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Future of Hiking Trails on DNR Lands Depends on You

Posted by Andrea Imler at Sep 24, 2014 11:55 AM |

Help shape the future of trails like Mailbox Peak, Oyster Dome and Mount Si. Attend an upcoming meeting on DNR’s recreation trails policy, and help shape the future of state trails for years to come.

Mailbox Peak, Oyster Dome, Capitol Forest, Mount Si, Yacoult Burn—what do these places have in common?

They are some of Washington’s most popular places to hike and all are on Washington State Department of Natural Resources (DNR) land. The state agency is currently developing an official trails policy to guide how it uses, develops and maintains trails around the state. As the state agency begins to develop it's plan, hiker feedback is essential.

New law requires a trails plan on DNR lands

Earlier this year, legislation (ESHB 2151) passed in Olympia that requires the Washington State Department of Natural Resources (DNR) to develop an official recreational trails policy by Oct. 31, 2015. The plan must cause the least impact to the land; provides environmental and water quality protection; and maintains the lowest construction and maintenance costs that are reasonable.

The bill also states that DNR should use the Forest Service trail standards as guidelines for developing their own best management practices and maintenance guidelines.

Hikers, your voice is needed now

To develop the best trails policy possible, DNR needs to hear how hikers, trail runners, and non-motorized recreationists want their trails managed. The outcome of DNR’s recreation trails policy development process will impact hikers all over the state for years to come—make sure to get involved now and make your voice heard.

I want to get involved. What should I say?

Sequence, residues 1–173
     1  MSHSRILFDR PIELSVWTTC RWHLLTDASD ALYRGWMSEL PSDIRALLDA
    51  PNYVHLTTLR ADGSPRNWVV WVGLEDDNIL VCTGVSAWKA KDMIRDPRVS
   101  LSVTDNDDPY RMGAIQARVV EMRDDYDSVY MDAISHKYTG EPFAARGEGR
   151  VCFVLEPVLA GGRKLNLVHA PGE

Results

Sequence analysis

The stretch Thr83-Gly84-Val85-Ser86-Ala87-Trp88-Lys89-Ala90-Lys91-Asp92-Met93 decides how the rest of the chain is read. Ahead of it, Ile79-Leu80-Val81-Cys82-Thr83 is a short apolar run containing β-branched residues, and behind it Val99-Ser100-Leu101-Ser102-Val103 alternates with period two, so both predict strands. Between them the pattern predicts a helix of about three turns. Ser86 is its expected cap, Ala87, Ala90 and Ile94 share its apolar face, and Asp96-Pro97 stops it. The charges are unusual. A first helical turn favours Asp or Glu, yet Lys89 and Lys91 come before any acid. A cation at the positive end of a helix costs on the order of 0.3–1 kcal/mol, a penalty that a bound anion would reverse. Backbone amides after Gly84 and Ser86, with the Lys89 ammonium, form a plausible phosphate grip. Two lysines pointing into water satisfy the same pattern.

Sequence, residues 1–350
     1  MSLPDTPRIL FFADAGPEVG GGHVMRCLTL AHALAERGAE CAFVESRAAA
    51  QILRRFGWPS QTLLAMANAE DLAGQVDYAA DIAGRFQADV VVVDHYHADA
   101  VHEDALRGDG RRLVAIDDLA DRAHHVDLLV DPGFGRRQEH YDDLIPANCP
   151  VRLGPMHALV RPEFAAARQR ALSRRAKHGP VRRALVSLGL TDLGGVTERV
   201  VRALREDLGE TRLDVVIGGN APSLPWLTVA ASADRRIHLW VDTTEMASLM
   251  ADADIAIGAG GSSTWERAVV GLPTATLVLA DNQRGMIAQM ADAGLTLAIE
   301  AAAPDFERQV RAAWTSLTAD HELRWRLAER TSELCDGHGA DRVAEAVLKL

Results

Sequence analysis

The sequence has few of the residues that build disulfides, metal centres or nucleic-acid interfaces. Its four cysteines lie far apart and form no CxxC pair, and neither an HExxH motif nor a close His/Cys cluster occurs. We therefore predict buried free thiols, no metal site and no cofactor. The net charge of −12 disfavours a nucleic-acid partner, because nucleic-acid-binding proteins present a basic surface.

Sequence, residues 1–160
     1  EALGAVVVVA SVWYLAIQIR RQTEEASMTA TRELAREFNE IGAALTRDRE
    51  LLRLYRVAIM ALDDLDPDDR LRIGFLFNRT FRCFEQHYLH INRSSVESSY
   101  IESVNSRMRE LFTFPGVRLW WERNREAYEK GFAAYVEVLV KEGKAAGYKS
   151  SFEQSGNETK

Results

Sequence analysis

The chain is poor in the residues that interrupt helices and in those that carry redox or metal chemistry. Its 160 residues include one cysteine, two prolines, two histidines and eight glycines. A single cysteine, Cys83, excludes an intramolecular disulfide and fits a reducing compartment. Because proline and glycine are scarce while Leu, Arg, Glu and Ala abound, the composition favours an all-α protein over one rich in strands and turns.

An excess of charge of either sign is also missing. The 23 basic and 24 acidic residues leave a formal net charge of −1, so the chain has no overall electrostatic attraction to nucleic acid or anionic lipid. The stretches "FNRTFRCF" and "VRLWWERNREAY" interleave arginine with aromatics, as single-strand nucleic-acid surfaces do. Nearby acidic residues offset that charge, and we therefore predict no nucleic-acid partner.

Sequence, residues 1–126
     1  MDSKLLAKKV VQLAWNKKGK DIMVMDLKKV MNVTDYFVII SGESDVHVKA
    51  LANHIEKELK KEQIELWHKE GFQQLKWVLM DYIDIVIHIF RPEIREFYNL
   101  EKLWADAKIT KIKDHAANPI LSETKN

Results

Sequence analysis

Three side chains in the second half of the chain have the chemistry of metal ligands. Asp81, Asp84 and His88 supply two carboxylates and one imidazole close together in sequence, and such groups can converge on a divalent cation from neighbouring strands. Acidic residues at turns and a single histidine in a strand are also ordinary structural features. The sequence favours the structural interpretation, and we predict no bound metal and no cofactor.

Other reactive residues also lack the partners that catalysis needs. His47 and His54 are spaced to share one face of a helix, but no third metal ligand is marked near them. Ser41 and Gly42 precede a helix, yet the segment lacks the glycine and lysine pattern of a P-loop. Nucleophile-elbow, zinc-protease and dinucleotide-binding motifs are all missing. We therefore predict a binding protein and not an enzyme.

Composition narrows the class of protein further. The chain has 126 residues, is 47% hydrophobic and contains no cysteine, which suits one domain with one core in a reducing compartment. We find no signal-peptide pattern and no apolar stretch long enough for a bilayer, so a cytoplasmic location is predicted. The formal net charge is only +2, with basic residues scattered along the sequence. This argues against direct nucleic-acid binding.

Here are some points to consider providing when you’re attending a public meeting or emailing your comments to DNR:

  • Provide a variety of hiking trail experiences and build trails for a range of skill levels. Hikers and other non-motorized recreationists seek out trails that provide great experiences such as a summit vista, shimmering lakes and plunging waterfalls. Trails should also be diversified in skill levels from shorter, family-friendly adventures to thigh-burning and cardio-bursting treks that gain elevation quickly.
  • Build and maintain trails with cost efficiency and the user experience in mind. Right now some DNR trails are overbuilt, sending trail building costs through the roof, and resulting in fewer miles of trail built.
  • Address the growing needs of hikers in Washington state and prioritize trail development projects around them. Ninety percent of Washingtonians walk, hike, climb and mountaineer. DNR should engage hikers and other recreationists and take into account trends in population growth and increased demand for hiking trails that are both closer-to-home and further out.

There are two ways to get involved: attend an upcoming public meeting or submit your thoughts by emailing

Upcoming Public Meetings

September 24

6 p.m. to 8 p.m.

DNR Southeast Region
Hal Holmes Community Center
209 N Ruby Street
Ellensburg, WA 98926

September 25

6 p.m. to 8 p.m.

DNR Northeast Region
Mountain Gear Corporate Headquarters
6021 E Mansfield Avenue
Spokane Valley, WA 99212

September 30

6:30 p.m. to 8:30 p.m.

DNR South Puget Sound Region
King County Library System 
Service Center Conference Room
960 Newport Way NW
Issaquah, WA 98027

October 2

6 p.m. to 8 p.m.

DNR Olympic Region
Port Angeles Senior Center
328 E 7th Street
Port Angeles, WA 98362

Attend a meeting, let other hikers know how it went

After you attend one of the public meetings, please let me and your fellow hikers know how it went. I would love to hear what you learned and what you think WTA should focus on as the trails policy process moves forward.

Email me at or post a reply to this blog to share your thoughts with fellow hikers.

Hikers on DNR Lands
Two different trail experiences on DNR trails, including the popular Oyster Dome and Mailbox Peak trails. Photos by j brink and jeongobar.


monrovian on Future of Hiking Trails on DNR Lands Depends on You

Are any public meetings scheduled for the North/Northwest/Northeast areas? It appears the public meetings are to serve the I-90 corridor. Thanks

Posted by:

monrovian on Sep 29, 2014 04:35 PM